The sun doesn’t even set until an hour into the movie so they could call this Before Sunrise, Sunset and Midnight if they were really accurate about it. After sunset is when the film gets really meaty though, and you can tell I was already into it before. Midnight is the first Before movie with an actual love scene in it, and it reflects particularly well on Delpy. She is so comfortable in this extended scene that it never feels exploitive, and while enamored with her beauty we are still riveted by the deep talk she and Hawke are having.

In the most intense exchange, Celine and Jesse talk about rational thinking versus emotion, but he’s more emotional than he thinks and she’s more rational than he acknowledges. Celine is just going cathartic, unloading everything she needs to. When it boils over, it’s as tense as any dark thriller I’ve seen at Sundance.

This may be Richard Linklater’s best movie. I’m going to watch Dazed and Confused again when I get home to be sure, but it’s definitely the best Before movie. At this point, after so many dialogue movies, his actors have it down to accommodate his long takes. The first Jesse/Celine dialogue scene in the car home from the airport is a single take with a camera locked off shooting through the windshield. I was reminded there are a few cutaways breaking up that car scene but I was so riveted I was convinced we were looking at a single two-shot the entire time. Linklater doesn’t overuse long takes though. The group scenes and the walk through Greece are edited, and when Jesse and Celine get going, you’re just captivated.

Before Midnight just destroyed me. These discussions are so deep, and it’s not about endorsing any worldview. It’s about being sensitive to those you love. That’s harder to make a movie about though. Everyone wants resolution and that’s easier to see in victory. When the endgame is love and support, it’s painful to get there and Before Midnight takes us on that emotional journey in 105 minutes.

Sundance 2013 Review: Before Midnight

Photo Credit: Despina Spyrou

Make sure to check out all of Crave Online's coverage of the 2013 Sundance Film Festival here!

And check out these other reviews from Sundance 2013:

Who is Dayani Cristal?; starring Gael Garcia Bernal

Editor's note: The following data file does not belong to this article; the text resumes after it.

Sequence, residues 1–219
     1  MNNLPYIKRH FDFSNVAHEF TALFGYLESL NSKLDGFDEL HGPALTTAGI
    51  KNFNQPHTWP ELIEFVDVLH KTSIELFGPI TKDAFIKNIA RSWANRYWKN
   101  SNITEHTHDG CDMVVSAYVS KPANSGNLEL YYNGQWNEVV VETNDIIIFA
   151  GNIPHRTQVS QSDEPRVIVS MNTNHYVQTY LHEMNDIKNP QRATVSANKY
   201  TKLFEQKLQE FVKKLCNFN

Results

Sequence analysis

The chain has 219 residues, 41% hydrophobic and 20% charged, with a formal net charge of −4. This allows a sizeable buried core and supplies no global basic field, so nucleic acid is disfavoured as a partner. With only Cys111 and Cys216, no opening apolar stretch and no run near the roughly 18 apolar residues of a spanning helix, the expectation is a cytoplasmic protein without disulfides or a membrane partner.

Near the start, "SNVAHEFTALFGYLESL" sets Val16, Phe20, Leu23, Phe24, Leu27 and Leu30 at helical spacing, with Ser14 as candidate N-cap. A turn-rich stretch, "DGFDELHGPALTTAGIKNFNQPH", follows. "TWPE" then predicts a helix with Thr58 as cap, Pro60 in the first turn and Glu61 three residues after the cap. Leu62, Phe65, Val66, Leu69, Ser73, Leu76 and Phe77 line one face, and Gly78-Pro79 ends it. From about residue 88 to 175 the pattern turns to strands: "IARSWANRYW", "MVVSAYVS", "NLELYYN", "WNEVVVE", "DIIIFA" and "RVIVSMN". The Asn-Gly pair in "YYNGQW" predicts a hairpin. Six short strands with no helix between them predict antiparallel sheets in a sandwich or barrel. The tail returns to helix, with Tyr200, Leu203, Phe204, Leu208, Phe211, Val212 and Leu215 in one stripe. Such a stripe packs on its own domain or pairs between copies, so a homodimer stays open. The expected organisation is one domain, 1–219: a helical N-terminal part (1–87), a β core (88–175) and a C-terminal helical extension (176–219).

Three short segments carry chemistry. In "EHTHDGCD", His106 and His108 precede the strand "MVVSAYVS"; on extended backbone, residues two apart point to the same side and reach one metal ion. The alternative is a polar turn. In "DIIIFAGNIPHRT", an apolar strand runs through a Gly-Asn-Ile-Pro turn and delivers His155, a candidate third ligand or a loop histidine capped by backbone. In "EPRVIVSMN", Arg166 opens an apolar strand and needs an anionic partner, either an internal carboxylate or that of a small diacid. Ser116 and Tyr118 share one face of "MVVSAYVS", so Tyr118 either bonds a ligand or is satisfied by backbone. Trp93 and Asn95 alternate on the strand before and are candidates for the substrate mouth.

Two Mothers; starring Robin Wright and Naomi Watts
Austenland; starring Keri Russell
Emmanuel and the Truth About Fishes; starring Kaya Scodelario
Don Jon's Addiction; starring Joseph Gordon-Levitt and Scarlett Johansson
Virtually Heroes; produced by Roger Corman
Breathe In; starring Felicity Jones and Guy Pierce
Inequality for All; featuring Robert Reich
Blue Caprice; starring Isaiah Washington and Tim Blake Nelson
Fill the Void; starring Renana Raz
Running From Crazy; featuring Mariel Hemingway
Wrong Cops; starring Steve Little
Hell Baby; starring Rob Corddry and Leslie Bibb
Stoker; starring Nicole Kidman
Escape from Tomorrow; shot without permits at Disney World
We Are What We Are; starring Ambyr Childers and Julia Garner
Afternoon Delight; starring Kathryn Hahn and Juno Temple
Ass Backwards; starring Casey Wilson and June Diane Raphael
I Used to Be Darker; starring Deragh Campbell
Magic Magic; starring Juno Temple
Prince Avalanche; starring Paul Rudd and Emile Hirsch
Sweetwater; starring January Jones, Jason Isaacs and Ed Harris
Crystal Fairy; starring Michael Cera and Gaby Hoffman
S-VHS; sequel to found footage horror film V/H/S
Lovelace; starring Amanda Seyfried, Peter Sarsgaard and Sharon Stone
The East; starring Brit Marling and Alexander Saarsgaard
After Tiller, about abortion doctor George Tiller
Citizen Koch, about The Koch Brothers and campaign finance contributions
Gangs of Wasseypur, a 5 1/2 hour Indian crime epic
In Fear, a horror movie set entirely within a car
The Rambler, starring Dermot Mulroney
What They Don't Talk About When They Talk About Love, about a school for the blind and deaf
Upstream Color; starring Shane Carruth and Amy Seimetz

Fred Topel is a staff writer at CraveOnline. Follow him on Twitter at @FredTopel.